'His zest for living was ended too soon' - poignant farewell to second Mayo river tragedy victim
A storm blew in from the Atlantic as a small rural community in west Mayo, grieving since Christmas Day, bade farewell to the second young farmer who lost his life in a drowning tragedy.
Declan Davitt (26) from Curradavitt, Louisburgh, was laid to rest after his funeral mass at the Church of the Holy Family in the coastal village of Killeen.
On Thursday his best friend Martin Needham (27) was laid to rest in the adjoining cemetery. The pair of them died when their 4x4 vehicle was swept away as they drove across the normally shallow Carrowniskey River in the early hours of Christmas Day.
The bodies of the two men were recovered in the afternoon on Christmas Day after a frantic search involving neighbours, friends and the emergency services.
Another local man, 19-year old Tom McGrail, managed to escape from the jeep and raise the alarm.
The funeral cortege, like that of his friend Martin Needham the previous day, was led by four tractors from the family home to the packed church where hundreds again braved the elements outside.
Parish priest Fr Martin Long said that the community was mourning for both families and he said it was particularly difficult for the Davitt family as Declan’s sister had died seven years ago.
“Declan’s young life with so much potential and energy and zest for living was ended too soon by a cruel, random, mischance. To say farewell to one so young is never easy. We do realise it is especially difficult for you in that it has been just seven short years since you lost your beloved Kathleen, a burden you have carried bravely with dignity and with faith.
“All who knew Declan or who have spoken of him these past few days always mentioned the close friendship he had with Martin. Without any co-ordination between the families, they both decided on almost identical symbols to be brought to the altar to represent aspects of their lives, the things that mattered to them,” he said.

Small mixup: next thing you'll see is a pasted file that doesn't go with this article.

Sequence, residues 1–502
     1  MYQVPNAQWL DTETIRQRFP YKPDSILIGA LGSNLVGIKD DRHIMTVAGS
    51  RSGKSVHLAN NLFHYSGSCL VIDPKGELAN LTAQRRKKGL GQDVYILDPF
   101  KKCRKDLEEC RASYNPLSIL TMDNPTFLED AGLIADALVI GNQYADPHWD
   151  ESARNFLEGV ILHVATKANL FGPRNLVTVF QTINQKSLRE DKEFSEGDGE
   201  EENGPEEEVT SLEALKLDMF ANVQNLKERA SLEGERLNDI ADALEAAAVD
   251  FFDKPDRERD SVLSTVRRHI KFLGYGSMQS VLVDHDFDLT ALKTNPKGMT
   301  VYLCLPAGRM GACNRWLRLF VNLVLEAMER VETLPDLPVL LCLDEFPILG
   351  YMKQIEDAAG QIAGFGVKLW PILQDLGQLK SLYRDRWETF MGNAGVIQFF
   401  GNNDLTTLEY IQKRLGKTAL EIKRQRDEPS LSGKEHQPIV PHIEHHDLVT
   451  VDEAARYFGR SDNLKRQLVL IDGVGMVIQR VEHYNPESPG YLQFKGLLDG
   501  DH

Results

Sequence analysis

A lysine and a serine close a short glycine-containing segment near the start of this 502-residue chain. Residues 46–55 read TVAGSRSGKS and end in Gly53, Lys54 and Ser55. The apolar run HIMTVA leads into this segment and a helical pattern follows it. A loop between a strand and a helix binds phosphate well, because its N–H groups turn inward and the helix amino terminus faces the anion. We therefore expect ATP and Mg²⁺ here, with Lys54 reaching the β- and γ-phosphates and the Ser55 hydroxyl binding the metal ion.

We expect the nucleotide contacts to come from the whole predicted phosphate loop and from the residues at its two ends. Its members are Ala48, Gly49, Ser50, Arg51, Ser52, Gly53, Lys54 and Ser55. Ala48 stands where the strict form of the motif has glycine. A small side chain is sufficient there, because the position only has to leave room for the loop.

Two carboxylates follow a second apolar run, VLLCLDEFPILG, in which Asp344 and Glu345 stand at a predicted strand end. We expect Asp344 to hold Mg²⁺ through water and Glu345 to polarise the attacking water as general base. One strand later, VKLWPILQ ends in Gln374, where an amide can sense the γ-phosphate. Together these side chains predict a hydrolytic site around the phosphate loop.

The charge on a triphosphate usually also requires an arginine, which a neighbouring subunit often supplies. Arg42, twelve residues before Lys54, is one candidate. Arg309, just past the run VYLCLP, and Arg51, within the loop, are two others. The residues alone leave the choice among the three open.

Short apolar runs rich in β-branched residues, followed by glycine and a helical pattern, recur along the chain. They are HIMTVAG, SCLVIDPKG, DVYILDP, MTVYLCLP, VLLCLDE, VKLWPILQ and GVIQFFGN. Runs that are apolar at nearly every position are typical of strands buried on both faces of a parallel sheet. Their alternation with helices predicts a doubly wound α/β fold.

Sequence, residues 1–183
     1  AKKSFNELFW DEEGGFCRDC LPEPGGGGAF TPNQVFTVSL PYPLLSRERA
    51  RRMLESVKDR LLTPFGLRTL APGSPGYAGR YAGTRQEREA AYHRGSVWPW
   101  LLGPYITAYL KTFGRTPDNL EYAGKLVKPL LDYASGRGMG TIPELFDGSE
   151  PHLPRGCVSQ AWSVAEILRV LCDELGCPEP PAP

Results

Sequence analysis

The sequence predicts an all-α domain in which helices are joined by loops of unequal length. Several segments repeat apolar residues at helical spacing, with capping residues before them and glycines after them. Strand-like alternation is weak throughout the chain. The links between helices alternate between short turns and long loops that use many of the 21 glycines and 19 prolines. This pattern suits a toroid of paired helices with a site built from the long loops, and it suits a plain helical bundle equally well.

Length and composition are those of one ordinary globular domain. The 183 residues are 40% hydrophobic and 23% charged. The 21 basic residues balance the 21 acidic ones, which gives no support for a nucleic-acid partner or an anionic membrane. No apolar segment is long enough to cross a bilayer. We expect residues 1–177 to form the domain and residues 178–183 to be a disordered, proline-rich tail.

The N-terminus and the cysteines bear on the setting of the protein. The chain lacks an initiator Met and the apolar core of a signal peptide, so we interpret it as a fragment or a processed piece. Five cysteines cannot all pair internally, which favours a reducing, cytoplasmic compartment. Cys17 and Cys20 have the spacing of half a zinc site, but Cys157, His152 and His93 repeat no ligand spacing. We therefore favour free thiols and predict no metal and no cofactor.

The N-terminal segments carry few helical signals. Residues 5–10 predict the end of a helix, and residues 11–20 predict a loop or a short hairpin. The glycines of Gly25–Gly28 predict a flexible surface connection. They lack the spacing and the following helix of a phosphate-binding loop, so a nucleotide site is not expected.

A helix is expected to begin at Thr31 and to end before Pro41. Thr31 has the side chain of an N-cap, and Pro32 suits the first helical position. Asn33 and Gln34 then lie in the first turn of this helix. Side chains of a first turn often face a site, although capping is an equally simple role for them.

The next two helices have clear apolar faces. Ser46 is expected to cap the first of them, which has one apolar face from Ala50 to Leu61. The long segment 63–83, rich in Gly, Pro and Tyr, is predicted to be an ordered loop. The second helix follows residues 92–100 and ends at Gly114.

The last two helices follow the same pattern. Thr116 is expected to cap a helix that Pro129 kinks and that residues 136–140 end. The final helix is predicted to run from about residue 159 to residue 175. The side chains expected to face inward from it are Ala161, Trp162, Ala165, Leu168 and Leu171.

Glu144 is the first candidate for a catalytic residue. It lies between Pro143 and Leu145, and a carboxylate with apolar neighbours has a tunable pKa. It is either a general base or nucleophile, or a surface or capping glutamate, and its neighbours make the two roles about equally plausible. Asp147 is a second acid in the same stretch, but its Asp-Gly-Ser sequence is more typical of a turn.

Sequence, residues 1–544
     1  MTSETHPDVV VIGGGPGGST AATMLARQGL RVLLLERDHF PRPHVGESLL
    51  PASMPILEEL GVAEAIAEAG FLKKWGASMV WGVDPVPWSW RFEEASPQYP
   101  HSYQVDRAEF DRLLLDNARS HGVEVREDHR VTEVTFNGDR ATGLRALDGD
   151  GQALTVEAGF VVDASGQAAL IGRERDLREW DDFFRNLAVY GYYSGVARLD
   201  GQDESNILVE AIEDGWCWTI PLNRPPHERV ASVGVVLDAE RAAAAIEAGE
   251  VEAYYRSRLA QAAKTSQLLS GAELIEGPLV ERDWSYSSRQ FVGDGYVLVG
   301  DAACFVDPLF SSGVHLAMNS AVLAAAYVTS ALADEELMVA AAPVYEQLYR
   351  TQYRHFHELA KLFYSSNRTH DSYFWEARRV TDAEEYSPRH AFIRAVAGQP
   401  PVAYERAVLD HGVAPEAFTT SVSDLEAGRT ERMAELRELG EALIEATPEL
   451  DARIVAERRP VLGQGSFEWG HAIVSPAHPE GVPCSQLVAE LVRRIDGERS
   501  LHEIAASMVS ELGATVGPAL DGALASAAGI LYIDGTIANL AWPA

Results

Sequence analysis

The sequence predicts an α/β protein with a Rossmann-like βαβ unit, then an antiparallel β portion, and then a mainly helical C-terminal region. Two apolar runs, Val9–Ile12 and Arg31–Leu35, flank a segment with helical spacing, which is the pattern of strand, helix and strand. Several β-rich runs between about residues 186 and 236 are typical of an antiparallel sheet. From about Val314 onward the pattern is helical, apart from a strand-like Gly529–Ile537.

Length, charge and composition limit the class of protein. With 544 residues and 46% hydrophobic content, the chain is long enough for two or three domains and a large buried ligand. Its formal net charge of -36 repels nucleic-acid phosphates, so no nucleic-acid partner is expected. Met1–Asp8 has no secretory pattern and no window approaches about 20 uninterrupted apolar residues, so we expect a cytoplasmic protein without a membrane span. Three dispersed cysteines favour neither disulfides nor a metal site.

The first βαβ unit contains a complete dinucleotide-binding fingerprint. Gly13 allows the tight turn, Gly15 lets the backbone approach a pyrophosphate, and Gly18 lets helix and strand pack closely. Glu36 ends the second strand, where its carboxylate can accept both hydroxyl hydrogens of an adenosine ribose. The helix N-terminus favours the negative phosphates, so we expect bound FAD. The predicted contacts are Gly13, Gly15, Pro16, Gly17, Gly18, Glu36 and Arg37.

Items included a model tractor, a mobile phone, his darts, a sheep shears and a Kiwi symbol in recognition of his time in New Zealand.
The young farmer had spent four years living and working in New Zealand as an agricultural contractor but had decided to return home to be with his family.
He was active in many organisations and in the community, including the Macra na Feirme tractor run to raise money for charity, while Fr Long noted that he regularly helped his father Walter to erect the crib each Christmas in the church where his funeral mass took place.
Fr Long said that not only had mourners travelled from all over Ireland, some had come from Scotland even some friends had travelled from New Zealand to attend the funeral and pay their respects.
“They have come to acknowledge a man who was a loyal friend, a friend whose phone was always at hand so that he could be contacted if needed.”
Fr Long said that he kept in close contact with his family when he was in New Zealand and that some of the calls involved receiving cooking lessons from his mother Mary-B.
“Declan must surely have the record of being the first person to be taught how to bake soda cake over an international from Ireland to New Zealand!
“When he returned to live in Ireland, he gave Walter and Mary-B a huge surprise by just walking in unannounced. He knew what it would mean to them and he wanted that occasion to be as special as it could. And it was. Sweet tears of joy were shed that day in the Davitt household, sadly his homecoming this Christmas has brought bitter tears of sorrow and anguish.”
Fr Long said that even in the midst of their grief, the family had asked him to again thank the emergency services who responded on Christmas Day.
“In the midst of the harsh reality of death and loss the Davitt family have requested that it again be acknowledged today all that was done by so many last Monday, the people of Carrowniskey and Roonith who responded in the dark in very poor weather conditions and went to see what help they could render.
“All those on a Christmas morning who abandoned all of their own plans, without hesitation opened their homes to facilitate the Davitt and Needham families, to provide food and shelter for all those involved in the emergency operation.
“Also, of course, our Gardai, Coast Guard, Mayo Fire and Rescue service, our own Order of Malta volunteer and the many, many other people who assisted in whatever way they could on that long and dark day.
“The response by everyone is testament to genuine concern for a friend, a neighbour or stranger. It is a very human response,” said Fr Long.
Declan Davitt is survived by his parents Walter and Mary-B, brother Christopher and sisters Mary and Patricia. He was laid to rest in Killeen New Cemetery.